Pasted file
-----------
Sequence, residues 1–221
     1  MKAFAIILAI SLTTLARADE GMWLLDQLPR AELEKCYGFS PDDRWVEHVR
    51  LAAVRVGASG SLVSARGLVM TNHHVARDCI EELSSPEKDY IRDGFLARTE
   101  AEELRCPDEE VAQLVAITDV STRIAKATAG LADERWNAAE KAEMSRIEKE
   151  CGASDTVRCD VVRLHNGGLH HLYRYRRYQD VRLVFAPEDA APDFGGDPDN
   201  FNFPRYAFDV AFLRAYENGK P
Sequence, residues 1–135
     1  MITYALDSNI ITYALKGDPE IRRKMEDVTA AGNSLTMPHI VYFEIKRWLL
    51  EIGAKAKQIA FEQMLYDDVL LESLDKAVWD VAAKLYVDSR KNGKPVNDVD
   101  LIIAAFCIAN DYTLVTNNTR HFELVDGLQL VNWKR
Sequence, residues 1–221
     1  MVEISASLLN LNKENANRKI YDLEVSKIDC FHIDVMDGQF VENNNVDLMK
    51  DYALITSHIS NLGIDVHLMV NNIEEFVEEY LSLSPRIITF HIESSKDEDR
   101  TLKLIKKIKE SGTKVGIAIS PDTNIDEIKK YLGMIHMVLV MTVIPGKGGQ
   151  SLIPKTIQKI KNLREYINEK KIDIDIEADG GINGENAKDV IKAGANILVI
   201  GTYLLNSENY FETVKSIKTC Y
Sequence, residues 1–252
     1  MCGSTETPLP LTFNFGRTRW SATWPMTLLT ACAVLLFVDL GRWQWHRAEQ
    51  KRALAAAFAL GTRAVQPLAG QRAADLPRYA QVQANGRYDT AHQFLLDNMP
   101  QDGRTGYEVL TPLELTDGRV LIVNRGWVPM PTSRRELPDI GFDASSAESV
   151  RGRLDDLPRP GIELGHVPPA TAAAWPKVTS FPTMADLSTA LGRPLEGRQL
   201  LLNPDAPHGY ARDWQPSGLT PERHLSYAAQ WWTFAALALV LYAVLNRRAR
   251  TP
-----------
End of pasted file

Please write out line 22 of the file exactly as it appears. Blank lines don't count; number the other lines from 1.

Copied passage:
   201  LLNPDAPHGY ARDWQPSGLT PERHLSYAAQ WWTFAALALV LYAVLNRRAR